BRAINS OF UKRAINE

ATLANTIC COUNCIL: Ten Ukrainian Technologies You May Already Be Using

Ukraine's IT and startup scenes are among the world's hottest with massive growth over the past five years

Ruslan Minich
Thursday, 21 June 2018 20:54

What do Snapchat filters, liquid jet scalpels, Uber for yachts, and virtual reality gloves have in common? They are all decisively modern innovations that have emerged at the cutting edge of technological development—and they all demonstrate the ingenuity and economic dynamism of twenty-first century Ukraine. 

High standards in tech education alongside low payroll costs have made Ukraine's workforce the main high-value asset of the country’s technological sector. Ukraine is only in seventy-seventh place on the Innovation Input Sub-Index due to its relatively underdeveloped infrastructure, market, and institutions, but the country is one of the Global Innovation Index’s top achievers and performers, and has consistently improved its position on the index for the past five years. It also has an Innovation Efficiency Ratio of 0.8, which ranks it eleventh in the world.

Even when successful Ukrainian startups relocate to places like Silicon Valley—as many do, so that they can take advantage of the superior funding and infrastructure —they often keep research and development teams in Ukraine.

Ukraine’s technological achievements have brought economic benefits to the country, and they have also presented to the world an extraordinarily portfolio of products and innovations. Here are the top ten.

 

1. Snapchat filters—In 2015, the popular messaging app Snapchat bought Looksery, an Odesa startup that had created an app allowing users to apply image effects to video chats in real time. Users can apply filters that allow them to change eye color, gain or lose weight, adjust their skin tone and facial features, and more. Looksery also helped Snapchat develop masks that are exclusively available on the iPhone-X.

 

2. Apps for the deaf—BeWarned, a Ukrainian company, helps deaf people better integrate into society. “With the app SL Interpreter, the deaf can ask a sign language interpreter via video chat to call any emergency service—an ambulance, the police, or a fire brigade,” Daria Sazonova, chief operations officer of BeWarned, says. BeWarned also created an innovative app, ConnectPRO, which converts text messages into voice and vice versa. Mobile shops, restaurants, and banks can apply it to communicate with their deaf clients.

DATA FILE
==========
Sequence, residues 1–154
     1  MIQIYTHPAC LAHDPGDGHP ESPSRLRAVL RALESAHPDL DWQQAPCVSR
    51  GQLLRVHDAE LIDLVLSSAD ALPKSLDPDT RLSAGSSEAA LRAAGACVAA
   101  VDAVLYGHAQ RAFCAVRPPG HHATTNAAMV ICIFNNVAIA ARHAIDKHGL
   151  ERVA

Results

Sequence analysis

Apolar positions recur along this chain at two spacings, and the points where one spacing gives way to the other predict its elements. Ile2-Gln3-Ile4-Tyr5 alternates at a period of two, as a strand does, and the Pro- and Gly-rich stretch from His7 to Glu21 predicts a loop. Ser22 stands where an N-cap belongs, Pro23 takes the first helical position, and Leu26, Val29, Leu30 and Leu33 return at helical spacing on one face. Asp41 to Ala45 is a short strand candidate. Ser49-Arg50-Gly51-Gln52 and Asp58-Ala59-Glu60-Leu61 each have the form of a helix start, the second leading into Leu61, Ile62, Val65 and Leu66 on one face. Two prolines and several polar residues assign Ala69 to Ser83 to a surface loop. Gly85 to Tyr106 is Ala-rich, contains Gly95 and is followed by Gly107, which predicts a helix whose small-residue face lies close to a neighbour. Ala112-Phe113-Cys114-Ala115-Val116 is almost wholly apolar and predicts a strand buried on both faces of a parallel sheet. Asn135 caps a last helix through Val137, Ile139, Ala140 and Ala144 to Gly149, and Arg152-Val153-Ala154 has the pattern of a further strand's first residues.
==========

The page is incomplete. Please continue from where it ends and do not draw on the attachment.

3. Uber for yachts—CharterClick, created by three Ukrainian immigrants in Dubai, is an online service that allows users to book a yacht with a full crew. “Yachts can be booked for anything, really: from an intimate dinner for a couple to the craziest of bashes you can ever imagine,” says co-founder Mykhaiylo Siyatskyy. CharterClick launched in the UAE where “the government’s supportive of all tech businesses,” says Siyatskyy. Now it operates in more than forty countries, including Italy, Croatia, Spain, and the Carribean. 

 

4. Hazardous waste management—Ukraine’s INECO Institute has developed an innovative solution for managing hazardous waste such as biohazardous materials, petroleum waste, and pesticides; using gasification technology, INECO’s process disposes of waste quickly and cheaply. As a side benefit, the process also produces a synthetic gas that can be used for heat production.

 

5. Laptop-tablet hybrids—Ukraine’s Eve V is both a laptop and a tablet, much like Microsoft Surface. But unlike Surface, Eve V’s keyboard works even when it’s detached, its power button has fingerprint-reading technology, it has more ports, and it’s cheaper. These features all emerged from surveys Eve V’s developers conducted with more than a thousand consumers, and their end product has caught the attention of some of the industry’s giants such as Intel, which has made six-figure investments into it, and Microsoft, now Eve V’s partner.

 

6. 3D metal printing—Chervona Hvilya has developed a new technology for 3D metal printing that relies on melting wire-thin materials into the user’s specified shape, a precision process that wastes far less metal than previous approaches. “Our approach works more like casual 3D printing, and it’s reliable,” CEO Dmytro Kovalchuk explained. “Also, it provides better heat control during the process.”

 

7. Cyber gloves—The GremTech research and development office will soon release V-Touch, a pair of wired gloves that augment virtual reality applications, allowing the user to feel virtual objects as if they were real. The technology has potential applications for video games, home appliance control, medical therapy—helping patients recover after paralysis or muscle atrophy—and remote training for work in dangerous environments.

 

8. Bank without branches—Monobank is Ukraine’s first virtual bank, allowing users to conduct typical transactions directly from their smartphones. The company’s business model saves so much money on facilities and staffing that it can provide many of its services, like paying utilities, recharging phone balances, and replenishing payment cars, for free.

 

9. Liquid scalpelScientists from Ukraine’s Aerospace Institute of National Aviation University have created a liquid jet scalpel, a precision medical instrument that can separate tissues from blood vessels without damaging the latter. This makes surgery safer and dramatically improves recovery times for patients.

 

10. Automated proofreading—Grammarly, founded by Ukrainians Alex Shevchenko and Max Lytvyn, uses artificial intelligence to proofread texts on Gmail, Facebook, Twitter, LinkedIn, and nearly anywhere else people write on the web. It even provides explanations for mistakes, if one installs the Grammarly browser extension. 

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